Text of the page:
Close Listening: Paying a Different Attention to Music
My mom gave me my first record player when I was in college. I had been eyeing it for some time: a gray and navy Crosley suitcase player, one of the many that became popular at Urban Outfitters at the beginning of the new vinyl boom. I lived at home, commuting to the university I attended in Fort Worth, and I mainly listened to music through my iPod and headphones or in my car. I had never heard music on a record player, so I had no way of knowing if it sounded better, despite what vinyl purists might say. Record collectors talk a lot about the audio quality, but it was something else for me: I wanted to hold onto the physicality of music, to lose hours of the day sitting around and doing nothing but listening.
It seems only natural that I moved “backwards” to vinyl instead of “forwards” to digital. When the world moved to streaming services, I was still collecting CDs, displaying them on my shelf and carefully reading through the lyric booklets, studying the artwork and credits. CDs were impractical: I bought them, burned the tracks to my hard drive, then transferred them to my iPod to listen. The process was worthwhile because it meant I could hold a physical copy in my hand, but CDs were becoming harder to find, taking up less shelf space in the stores near my parents’ suburban home. Vinyl was even less practical: you have to walk to the player and flip the disc midway through the album, and often you get a double vinyl that requires extra trips. But records were becoming more available, and the cover art enticed me.
With the record player came the first record, from my partner, Meg: Bon Iver’s For Emma, Forever Ago. It was an album I had never heard, by an artist who would eventually connect me to a wider group of friends. But first, it tethered me to Meg. I kept it for three years after Meg and I broke up, until we found our way back to each other.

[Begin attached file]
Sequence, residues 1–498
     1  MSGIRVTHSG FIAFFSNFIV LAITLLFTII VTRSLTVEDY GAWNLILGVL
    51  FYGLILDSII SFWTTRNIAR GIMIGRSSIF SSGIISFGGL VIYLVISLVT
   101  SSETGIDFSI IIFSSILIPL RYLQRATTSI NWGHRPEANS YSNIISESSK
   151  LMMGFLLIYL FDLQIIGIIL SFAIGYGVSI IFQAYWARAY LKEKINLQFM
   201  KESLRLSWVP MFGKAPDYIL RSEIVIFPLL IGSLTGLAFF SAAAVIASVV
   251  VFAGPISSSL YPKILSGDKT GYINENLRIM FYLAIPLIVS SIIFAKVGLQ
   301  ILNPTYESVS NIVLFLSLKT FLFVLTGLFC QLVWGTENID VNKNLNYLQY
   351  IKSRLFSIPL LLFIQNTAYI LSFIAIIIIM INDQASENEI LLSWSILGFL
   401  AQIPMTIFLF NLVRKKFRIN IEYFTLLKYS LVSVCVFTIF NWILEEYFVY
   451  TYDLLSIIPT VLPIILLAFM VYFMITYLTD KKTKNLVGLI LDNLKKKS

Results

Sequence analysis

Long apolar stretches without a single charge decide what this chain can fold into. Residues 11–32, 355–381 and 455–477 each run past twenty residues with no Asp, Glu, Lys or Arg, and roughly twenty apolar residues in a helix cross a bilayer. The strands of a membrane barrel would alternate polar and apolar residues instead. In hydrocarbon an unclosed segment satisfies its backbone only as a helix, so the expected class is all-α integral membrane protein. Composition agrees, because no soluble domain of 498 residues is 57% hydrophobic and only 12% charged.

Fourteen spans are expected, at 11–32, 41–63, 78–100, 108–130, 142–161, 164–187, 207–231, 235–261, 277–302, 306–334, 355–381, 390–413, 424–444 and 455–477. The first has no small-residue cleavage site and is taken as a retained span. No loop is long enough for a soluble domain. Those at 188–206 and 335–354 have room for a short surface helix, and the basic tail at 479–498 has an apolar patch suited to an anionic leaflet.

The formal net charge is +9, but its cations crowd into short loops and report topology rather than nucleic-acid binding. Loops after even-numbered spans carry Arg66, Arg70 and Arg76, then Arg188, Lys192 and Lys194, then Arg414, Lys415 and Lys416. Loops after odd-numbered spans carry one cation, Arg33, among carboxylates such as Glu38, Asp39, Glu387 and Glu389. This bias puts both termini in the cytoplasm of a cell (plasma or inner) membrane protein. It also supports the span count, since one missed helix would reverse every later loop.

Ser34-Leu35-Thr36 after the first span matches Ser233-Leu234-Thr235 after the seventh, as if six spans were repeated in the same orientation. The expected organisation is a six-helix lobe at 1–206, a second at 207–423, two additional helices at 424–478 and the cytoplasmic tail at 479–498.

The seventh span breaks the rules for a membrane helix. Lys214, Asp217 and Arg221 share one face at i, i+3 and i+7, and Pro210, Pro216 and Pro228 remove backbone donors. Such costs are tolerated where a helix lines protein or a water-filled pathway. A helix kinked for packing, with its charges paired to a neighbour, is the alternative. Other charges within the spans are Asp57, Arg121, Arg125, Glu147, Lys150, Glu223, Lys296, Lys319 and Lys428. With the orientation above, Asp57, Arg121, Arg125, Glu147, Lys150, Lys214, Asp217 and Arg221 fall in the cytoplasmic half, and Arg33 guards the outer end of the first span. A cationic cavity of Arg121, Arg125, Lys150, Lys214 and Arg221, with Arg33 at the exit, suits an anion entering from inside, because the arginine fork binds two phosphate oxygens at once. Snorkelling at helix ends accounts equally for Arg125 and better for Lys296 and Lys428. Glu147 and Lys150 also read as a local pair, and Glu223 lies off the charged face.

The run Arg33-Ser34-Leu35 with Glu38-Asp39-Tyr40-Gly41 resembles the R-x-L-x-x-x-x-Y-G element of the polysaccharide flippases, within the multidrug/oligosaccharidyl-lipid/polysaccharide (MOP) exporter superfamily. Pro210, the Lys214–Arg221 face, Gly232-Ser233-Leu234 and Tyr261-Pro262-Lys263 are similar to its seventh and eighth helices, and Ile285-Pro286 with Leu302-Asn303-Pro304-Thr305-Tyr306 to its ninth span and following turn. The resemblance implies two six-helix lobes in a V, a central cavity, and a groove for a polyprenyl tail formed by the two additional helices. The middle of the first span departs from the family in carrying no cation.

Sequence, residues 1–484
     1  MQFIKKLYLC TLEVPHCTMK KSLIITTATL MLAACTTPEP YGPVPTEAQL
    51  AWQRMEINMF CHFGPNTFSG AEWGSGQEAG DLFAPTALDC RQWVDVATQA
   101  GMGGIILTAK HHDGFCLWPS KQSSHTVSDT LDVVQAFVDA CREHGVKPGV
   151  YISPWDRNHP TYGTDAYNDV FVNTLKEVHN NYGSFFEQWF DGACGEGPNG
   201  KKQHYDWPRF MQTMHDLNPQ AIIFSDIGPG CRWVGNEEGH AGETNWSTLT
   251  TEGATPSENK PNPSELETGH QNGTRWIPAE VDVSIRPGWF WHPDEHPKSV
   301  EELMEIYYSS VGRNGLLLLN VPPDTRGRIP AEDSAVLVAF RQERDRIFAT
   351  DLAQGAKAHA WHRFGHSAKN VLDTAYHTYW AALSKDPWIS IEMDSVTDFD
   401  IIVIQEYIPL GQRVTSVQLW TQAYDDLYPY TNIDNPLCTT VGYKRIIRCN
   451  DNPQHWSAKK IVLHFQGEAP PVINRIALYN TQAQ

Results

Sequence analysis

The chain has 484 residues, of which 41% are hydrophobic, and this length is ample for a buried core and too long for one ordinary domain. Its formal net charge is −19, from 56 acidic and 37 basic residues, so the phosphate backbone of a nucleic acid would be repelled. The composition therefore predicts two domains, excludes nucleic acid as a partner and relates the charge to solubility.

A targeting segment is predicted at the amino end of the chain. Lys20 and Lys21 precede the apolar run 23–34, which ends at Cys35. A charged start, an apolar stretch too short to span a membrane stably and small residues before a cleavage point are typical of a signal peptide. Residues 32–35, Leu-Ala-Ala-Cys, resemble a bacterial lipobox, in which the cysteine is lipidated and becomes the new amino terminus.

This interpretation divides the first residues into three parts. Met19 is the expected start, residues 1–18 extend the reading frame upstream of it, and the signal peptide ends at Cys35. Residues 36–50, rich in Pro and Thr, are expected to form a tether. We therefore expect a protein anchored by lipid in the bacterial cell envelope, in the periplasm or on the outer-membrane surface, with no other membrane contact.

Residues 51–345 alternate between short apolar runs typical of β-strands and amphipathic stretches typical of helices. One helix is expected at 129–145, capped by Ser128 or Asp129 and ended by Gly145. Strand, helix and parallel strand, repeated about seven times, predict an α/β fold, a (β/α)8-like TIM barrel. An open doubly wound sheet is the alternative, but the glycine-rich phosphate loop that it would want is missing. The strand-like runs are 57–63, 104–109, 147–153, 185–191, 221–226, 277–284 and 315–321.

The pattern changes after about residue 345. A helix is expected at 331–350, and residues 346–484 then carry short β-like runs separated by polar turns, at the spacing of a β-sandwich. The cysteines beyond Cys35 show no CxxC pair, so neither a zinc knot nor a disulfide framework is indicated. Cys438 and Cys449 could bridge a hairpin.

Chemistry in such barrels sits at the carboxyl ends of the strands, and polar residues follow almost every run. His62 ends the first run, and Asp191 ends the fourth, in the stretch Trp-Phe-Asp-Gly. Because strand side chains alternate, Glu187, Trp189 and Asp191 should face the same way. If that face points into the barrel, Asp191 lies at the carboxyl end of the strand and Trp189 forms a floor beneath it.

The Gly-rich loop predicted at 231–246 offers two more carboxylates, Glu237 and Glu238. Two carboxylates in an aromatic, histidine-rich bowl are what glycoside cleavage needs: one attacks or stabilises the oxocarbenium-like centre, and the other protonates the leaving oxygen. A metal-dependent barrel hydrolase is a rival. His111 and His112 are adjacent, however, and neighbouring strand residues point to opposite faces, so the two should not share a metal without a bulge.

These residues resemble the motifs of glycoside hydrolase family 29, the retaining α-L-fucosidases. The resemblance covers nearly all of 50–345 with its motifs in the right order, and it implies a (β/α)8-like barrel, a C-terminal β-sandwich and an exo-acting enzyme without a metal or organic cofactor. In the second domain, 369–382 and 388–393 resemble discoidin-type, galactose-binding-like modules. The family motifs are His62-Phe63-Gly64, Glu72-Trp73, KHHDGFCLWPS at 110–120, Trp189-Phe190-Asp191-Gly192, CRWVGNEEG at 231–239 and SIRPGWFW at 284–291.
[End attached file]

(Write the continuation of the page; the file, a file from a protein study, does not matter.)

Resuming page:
My mom relegated her listening habits to the Oldies station in her Chevy Suburban, and my dad kept his stereo system in his office so that he could play it loud. Now I had my own speakers, a small suitcase-shaped box that carried out of my room and into the hallway.
There were no technical points of audio quality I could identify as better than my car speakers or my headphones, but the experience felt like an extension of my early listening habits. I spent my teen years laying on my bed or on the floor, listening to albums all the way through, no skips. I always believed—and still do—that an artist spent time carefully arranging their tracks, so I tried to honor that by hearing the album as they intended. With records, skipping songs is inadvisable, if not very difficult.
With my new record player, I continued to sit in my room and hear the album in full, but now I could fill the space and not just my ears. I felt grounded in the place where I lived, sitting at attention and participating in the physical practice of flipping the record to continue hearing what it had to tell me.
I learned how to appreciate—and recognize—the sense of my body in a room flush with music. Maybe, in that way, it did sound better. But there was nothing particularly more authentic about this method of consumption. No matter how I partook, the point remained: I wanted to sit and hear the music without distraction, to listen closely.